The William S. Hart Union High School District governing board adopted, with a 5-0 vote, a new grading policy for the entire district Wednesday, giving students the option to change how they’re graded and preventing them from receiving a “D” or “F.”
The proposed grading plan includes traditional “A,” “B,” and “C” grades, and credit/no credit.
This plan provides an option for students to choose credit/no-credit grading, which would not be calculated into their grade point average.
The plan gives students what the district described as a “safety net” by limiting no credit only to students who were failing a class prior to the end of March 20.
The district has also instructed teachers to not administer final exams, and teachers will only be allowed to give assignments at the end of the semester that can help students raise their grade, Superintendent Mike Kuhlman said.
Additionally, Bowman High School, Kuhlman said, has a different grading program and credit recovery system than comprehensive high schools, and therefore some Bowman students have fallen behind.
The board decided Wednesday night to reduce the amount of required elective credits by 10 for the 2019/2020 school year, which means current Bowman High School seniors will be required to earn 62.5 elective credits, and a total of 220 overall credits, in order to graduate.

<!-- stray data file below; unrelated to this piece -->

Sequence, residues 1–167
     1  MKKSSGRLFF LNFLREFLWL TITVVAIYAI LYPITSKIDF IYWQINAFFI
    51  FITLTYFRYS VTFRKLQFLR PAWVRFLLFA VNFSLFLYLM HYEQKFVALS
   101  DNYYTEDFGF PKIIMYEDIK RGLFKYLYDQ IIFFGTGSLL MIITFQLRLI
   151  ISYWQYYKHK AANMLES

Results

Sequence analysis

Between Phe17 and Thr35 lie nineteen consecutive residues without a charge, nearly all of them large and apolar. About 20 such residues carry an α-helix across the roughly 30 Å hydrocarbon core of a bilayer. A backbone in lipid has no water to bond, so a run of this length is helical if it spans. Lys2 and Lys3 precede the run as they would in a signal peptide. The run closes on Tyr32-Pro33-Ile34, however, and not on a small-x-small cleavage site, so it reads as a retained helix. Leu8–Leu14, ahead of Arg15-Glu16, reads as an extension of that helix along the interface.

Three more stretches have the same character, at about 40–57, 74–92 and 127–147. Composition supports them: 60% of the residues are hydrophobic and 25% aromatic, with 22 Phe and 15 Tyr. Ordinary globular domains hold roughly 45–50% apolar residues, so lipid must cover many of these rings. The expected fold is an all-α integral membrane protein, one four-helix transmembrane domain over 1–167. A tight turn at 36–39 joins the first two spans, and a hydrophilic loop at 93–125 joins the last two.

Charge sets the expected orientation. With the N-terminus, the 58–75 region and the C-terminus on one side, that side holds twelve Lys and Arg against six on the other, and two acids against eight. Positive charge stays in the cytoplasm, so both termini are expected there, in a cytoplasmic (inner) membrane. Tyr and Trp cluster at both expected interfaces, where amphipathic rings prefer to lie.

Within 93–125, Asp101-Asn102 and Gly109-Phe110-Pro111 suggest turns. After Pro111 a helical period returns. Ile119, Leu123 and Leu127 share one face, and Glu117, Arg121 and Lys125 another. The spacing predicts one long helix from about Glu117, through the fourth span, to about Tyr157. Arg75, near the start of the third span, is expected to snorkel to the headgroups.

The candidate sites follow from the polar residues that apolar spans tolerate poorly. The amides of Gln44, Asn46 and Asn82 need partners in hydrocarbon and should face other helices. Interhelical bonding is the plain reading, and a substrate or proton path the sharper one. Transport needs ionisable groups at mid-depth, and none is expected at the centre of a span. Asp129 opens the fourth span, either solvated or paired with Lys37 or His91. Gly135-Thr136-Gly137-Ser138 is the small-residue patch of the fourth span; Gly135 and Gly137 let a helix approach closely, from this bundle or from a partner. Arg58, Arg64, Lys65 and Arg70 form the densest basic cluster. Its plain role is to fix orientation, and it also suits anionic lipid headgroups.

Kuhlman said the district’s plan is in sync with its four goals: continued teaching/learning, holds students harmless, minimizes student failures and keeps students on track to graduate.
A Saugus High School parent, Gina Woltman, submitted a public comment via email on Wednesday in criticism of the new grading policy for the entire district. Woltman, a licensed clinical psychologist, said the combined traumas of fires, a shooting and COVID-19 meant that the trauma SCV students were dealing with should mean more leniency in terms of grades.
Woltman said the district should adopt the same policy as they had for Saugus shooting, where grades could only go up, and assignments only accounted for them, not against them.
“It also prevented students from failing,” said Woltman in the letter. “The policy recognized that each student’s experience was unique yet they were all experiencing some level of trauma symptoms.”